2023  |  Vivek Nair · Louis Rosenberg · James F. O’Brien · Dawn Song  |  doi.org/10.48550/arXiv.2306.06459

Motion tracking "telemetry" data lies at the core of nearly all modern extended reality and metaverse experiences. While generally presumed innocuous, recent studies have demonstrated that motion data actually has the potential to profile and deanonymize XR users, posing a significant threat to security and privacy in the metaverse.

Motion as a Fingerprint

To date, the most comprehensive analysis of biometric identification is a 2003 study from the National Institutes of Standards and Technology (NIST), which analyzed dozens of commercially-available biometric sensors using real data from over 100,000 users. The results indicate that high-end fingerprint sensors could, at the time, identify users within a population of 10,000 with 90% accuracy. By contrast, our research shows that XR motion data can be used to identify at least 55,000 users, and likely more, with over 90% accuracy.

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Motion as DNA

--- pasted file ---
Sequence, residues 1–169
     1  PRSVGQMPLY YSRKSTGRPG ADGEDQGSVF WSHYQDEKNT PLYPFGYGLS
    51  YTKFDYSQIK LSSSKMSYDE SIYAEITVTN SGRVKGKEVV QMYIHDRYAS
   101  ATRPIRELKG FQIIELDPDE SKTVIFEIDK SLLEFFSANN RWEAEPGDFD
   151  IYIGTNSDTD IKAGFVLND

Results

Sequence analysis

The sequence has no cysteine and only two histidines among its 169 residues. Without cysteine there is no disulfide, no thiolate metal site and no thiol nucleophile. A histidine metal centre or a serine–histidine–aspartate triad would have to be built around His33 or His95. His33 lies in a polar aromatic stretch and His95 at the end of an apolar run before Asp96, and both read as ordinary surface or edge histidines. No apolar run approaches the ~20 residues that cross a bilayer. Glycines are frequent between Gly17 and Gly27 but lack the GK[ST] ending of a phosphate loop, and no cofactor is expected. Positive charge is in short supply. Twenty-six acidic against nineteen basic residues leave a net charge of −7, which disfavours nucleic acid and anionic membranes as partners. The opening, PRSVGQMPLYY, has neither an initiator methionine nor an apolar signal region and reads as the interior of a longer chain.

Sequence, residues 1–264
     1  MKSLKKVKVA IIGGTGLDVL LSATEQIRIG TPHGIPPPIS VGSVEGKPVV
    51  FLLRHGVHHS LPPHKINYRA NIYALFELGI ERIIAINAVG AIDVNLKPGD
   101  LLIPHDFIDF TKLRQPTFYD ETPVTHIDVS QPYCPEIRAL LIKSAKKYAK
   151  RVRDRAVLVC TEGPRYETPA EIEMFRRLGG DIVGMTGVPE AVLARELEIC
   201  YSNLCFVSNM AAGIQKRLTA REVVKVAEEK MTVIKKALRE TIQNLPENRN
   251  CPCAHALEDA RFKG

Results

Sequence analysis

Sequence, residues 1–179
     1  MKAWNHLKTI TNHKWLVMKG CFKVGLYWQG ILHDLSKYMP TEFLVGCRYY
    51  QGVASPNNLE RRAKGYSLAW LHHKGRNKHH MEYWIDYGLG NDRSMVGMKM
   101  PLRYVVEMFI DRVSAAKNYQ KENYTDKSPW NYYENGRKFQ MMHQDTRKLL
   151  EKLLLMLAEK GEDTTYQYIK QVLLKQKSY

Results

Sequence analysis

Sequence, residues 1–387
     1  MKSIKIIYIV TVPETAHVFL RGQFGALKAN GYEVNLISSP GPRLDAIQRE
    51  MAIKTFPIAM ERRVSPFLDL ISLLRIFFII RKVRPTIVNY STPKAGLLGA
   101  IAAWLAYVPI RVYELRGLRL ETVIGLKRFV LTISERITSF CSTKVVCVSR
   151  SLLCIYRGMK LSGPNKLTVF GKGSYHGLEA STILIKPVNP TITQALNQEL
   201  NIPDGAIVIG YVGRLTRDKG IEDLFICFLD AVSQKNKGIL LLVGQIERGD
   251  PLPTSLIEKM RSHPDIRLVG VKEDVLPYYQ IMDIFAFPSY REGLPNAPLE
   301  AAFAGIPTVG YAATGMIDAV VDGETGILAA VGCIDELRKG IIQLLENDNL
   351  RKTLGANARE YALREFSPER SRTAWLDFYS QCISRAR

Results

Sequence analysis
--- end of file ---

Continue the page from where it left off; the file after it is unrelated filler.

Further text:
In a second study, we surveyed 1,006 Beat Saber players to ask them a variety of questions about their background, biometrics, demographics, health information, behavioral patterns, and technical device specifications. Later, we trained a series of machine learning models to see which, if any, of these responses could be accurately inferred just by examining the motion patterns of these users. We found that everything from the country that a user is from to the clothes that they are wearing can be determined using features derived from their motions alone.

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Safeguarding Motion

We developed "MetaGuard," an open-source plugin for the Unity game engine that we think of as a proof of concept for an "incognito mode of the metaverse." MetaGuard works by identifying a number of privacy-sensitive dimensions present in an XR telemetry data stream, such as those corresponding to a user's height or wingspan. These axes are then passed through a "Laplacian noise distribution," a type of differentially-private transformation function, before being transmitted to the server and on to other users. The plugin can easily be installed by end users into a variety of existing VR applications just by placing the extension files in a particular directory on their device, and can be customized to suit the specific needs and risks of each application, as shown in Figure 4.

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Vivek Nair

Louis Rosenberg

James F. O'Brien

Dawn Song

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